With the new Star Wars film coming this December, Disney’s looking to add another major “shared-universe” franchise to their fold in addition to the hugely successful Marvel Cinematic Universe. This concept, popularized by the juggernaut that is the Marvel movie machine, has made several studios consider the possibility of expanding their movie franchises beyond their core films. In theory this is all well and good, and initially I was completely on board with the concept. After all, many comic books and tie-in novels have proven there’s potential in expanding Movie and TV franchises beyond the “core films”. A good example of this principle in action (beyond the obvious Marvel films) is the upcoming Rogue One movie that focuses on X-Wing pilots in a grittier take on the Star Wars world.
But what about a Ghostbusters shared universe? According to Slashfilm, that’s exactly what we’re getting, starring at least two teams of ectoplasmic handymen (and women!). The franchise ain’t exactly Tolkienesque in scope, considering the fact that both the original films and the canonical video game never stepped out of New York City. At best, you’d be placing different teams of Ghostbusters in different countries, and unless you sent them to space a la Jason X (please God no), the term “Universe” hardly applies. And yes, I know what many of you are about to post in the comments section. “It’s just a marketing phrase, does it really have to be a literal universe?”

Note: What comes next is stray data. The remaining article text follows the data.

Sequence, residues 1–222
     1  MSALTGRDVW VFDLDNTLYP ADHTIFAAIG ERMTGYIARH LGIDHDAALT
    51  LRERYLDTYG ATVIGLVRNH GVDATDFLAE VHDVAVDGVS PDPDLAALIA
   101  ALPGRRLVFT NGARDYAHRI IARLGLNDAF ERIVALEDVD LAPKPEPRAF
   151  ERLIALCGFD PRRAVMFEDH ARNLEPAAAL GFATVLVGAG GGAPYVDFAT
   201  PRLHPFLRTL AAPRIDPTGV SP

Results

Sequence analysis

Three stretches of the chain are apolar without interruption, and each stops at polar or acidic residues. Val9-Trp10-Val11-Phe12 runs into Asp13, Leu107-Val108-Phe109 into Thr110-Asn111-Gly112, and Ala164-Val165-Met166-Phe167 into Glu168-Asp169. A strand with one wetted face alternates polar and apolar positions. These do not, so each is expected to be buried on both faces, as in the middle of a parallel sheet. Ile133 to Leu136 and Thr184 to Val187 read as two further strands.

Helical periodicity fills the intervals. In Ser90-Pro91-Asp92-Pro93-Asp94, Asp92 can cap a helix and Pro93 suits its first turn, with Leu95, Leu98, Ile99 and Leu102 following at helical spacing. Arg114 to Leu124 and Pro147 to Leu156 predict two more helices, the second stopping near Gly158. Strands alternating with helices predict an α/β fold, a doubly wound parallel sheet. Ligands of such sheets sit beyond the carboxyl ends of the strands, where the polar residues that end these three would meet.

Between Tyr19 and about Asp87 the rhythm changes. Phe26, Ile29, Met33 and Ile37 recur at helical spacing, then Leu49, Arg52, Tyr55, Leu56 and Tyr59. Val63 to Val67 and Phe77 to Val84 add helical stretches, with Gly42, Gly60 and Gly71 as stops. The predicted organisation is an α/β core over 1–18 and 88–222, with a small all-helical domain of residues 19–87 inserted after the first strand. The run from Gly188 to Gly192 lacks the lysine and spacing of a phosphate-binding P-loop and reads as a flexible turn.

The answer to that is both “yes” and “no.” Yes, the term’s just being used by major studios as a catch-all term for spin-offs, prequels and team-ups, but is it really a correct label? In this author’s humble opinion, it really isn’t, especially when you consider the franchise that spawned the term “Cinematic Universe.” A quick glance at the Marvel Universe, cinematic and otherwise, will show that it’s not just a one-note, Earth-based setting. It’s quite literally a massive, living cosmos where space-gods, talking raccoons, Jessica Jones and super spies all coexist along with Hulk, Cap and Iron Man. You can have a show about secret agents, several kids’ cartoons and an R-rated Netflix series all in the same universe as your AAA blockbusters, and thus, endless possibilities for both superhero and non-suphero media.
In that sense, it’s not only a “universe” story-wise, but also from a genre perspective, as you can make pretty much any sort of movie fit in with the MCU. Assuming the superhero well eventually runs dry, Marvel can easily throw out a Black Knight or 1960’s S.H.I.E.L.D. movie to spice things up. Hell, a Mary Jane/ Peter teen romance film for the YA crowd could easily be a massive moneymaker, and one without massive amounts of CGI or stuntmen. Same goes for Star Wars and DC, all of which feature aliens, cosmic elements, magic (the Force), and a whole plethora of other diverse themes to tackle. A Star Wars movie alone could be literally anything from your standard Jedi story to a Clone Trooper war movie or a Blade Runner-esque take on the seedy underbelly of Coruscant starring a young Boba Fett (I can dream, can’t I?).